3 am. Loud knocking on the door and a woman's urgent voice. She told us to get up the nearest hill. A huge earthquake had just rocked Japan's coast and tsunami warnings had been issued. I went from groggy to wide awake faster than you could blink an eye. Couldn't believe it. Did I really just hear that word? Tsunami??? Since I was a little girl this has been my recurrent nightmare. I am petrified at the thought of it. More than any other natural disaster that exists. And that night, on the little island of Waya, I was terrified. Despite my fear, I packed my Camelback with the "essentials": laptop, camera, chargers, passport, wallet, and an extra set of warm clothes. What did I think I would do with a computer if a tsunami hit? Don't even ask me. My roomies and I climbed up the dark path to the top of the hill. Everyone else from the resort was already up there spread out on tarps. I heard hushed voices whispering that we were surrounded by reef which would break a wave if it tried to cross. That was a very comforting thought. However, I looked around for a coconut tree just in case and then tried my luck at catching a little sleep. That was impossible due to the sleeping, elderly gentlemen next to me who breathed in my face. Also, one of his eyes was open and that was just creepy. So I opted to sit by the small campfire and shoot the breeze with Dominique, one of the resort managers. The other manager, a Scottish guy named Frasier, passed out chocolate bars to all those awake. We waited on that hilltop for 3 1/2 hours. The sun was getting ready to rise when we received word that the tsunami warning had been cleared. With relief I practically ran down the hill and back to bed.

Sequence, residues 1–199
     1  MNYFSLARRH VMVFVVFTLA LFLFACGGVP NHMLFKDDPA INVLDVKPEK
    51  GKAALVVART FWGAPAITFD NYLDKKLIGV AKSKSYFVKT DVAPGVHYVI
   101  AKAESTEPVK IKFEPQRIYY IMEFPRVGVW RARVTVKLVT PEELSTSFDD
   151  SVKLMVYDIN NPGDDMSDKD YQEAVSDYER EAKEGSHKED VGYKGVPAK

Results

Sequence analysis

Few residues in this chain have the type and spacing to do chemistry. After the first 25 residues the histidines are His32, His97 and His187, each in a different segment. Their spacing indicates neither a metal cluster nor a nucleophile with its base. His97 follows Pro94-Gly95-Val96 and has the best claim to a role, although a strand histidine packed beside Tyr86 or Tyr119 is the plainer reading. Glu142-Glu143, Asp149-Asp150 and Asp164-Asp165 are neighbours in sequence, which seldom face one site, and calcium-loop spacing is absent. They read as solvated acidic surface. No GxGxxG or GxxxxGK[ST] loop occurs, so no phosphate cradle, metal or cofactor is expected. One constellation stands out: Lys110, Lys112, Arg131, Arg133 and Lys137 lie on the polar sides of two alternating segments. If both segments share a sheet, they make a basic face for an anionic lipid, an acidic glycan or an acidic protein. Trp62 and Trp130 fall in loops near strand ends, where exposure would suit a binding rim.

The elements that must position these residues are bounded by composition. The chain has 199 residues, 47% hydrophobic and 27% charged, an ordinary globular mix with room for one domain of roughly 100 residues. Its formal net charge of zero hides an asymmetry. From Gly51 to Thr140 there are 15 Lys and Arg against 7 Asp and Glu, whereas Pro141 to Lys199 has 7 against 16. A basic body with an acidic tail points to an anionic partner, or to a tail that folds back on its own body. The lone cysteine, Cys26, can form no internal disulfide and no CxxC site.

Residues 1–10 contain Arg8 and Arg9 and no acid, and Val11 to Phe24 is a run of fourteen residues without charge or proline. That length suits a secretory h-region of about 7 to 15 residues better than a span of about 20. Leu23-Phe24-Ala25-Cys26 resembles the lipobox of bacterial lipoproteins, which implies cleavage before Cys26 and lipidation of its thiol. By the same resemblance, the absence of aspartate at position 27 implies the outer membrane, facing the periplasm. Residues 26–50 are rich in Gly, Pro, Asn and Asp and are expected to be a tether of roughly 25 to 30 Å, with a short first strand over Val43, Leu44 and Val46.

Woke up a few hours later to catch breakfast. The morning was spotless. Bright, beautiful sunshine streamed from the sky and bathed Octopus Resort. A beautiful last day on the Yasawa Islands. Sadly the adorable Swedish couple and all my new UK friends left that afternoon. But there were others to replace them. A group of about 10 Mormon dental students. They were spending a few days vacationing on the resort before setting up clinics in more remote villages. DAD you are not going to believe this… one of the guys knew Dr. Ambler! Unbelievable, huh?! They were a unique bunch. Nerdy in the extreme, most under the age of 30, and every single one of them married with at least 1-3 kids. Or "two and a half" as Doug said. His wife was due in March. Yup, they were certainly unique. But also super cool. Some of the nicest, most down to earth people I'd run into. And they played volleyball! Sort of. We had many a match over the next 24 hours. Confusing, hilarious, energetic round after round of my favorite sport in the universe! Nerds colliding everywhere, spectacles flying, many a selfless sacrifice of the body for a dig in the sand… except most of the time contact wasn't actually made with the ball :)
Dinner that night was a BBQ, and oooOOOhhhHHH was it GLORIOUS! There were grilled steaks, chicken wings, sausages, fish filets, and veggie kabobs. To accompany it was a table piled high with bowls of tangy 3-bean salad, fresh pineapple coleslaw, pasta salad, baked potatoes, and garlic bread. I went back for a second plate. Following dinner was a beach party complete with a coconut bar, games, and music. But I was so freaking exhausted (only got about 4 hours of sleep) I went straight to bed and passed out.
The next afternoon I said goodbye to the Mormons and left Octopus Resort for the mainland. As if to wish me luck, Fiji gave a full rainbow on my way out :) After a wonderful 10 days of island hopping, I found myself once again at Bamboo Hostel. It was good to see everyone. "My friend!" the locals would exclaim while giving a big, sweaty hug. They offered me more kava but I happily declined.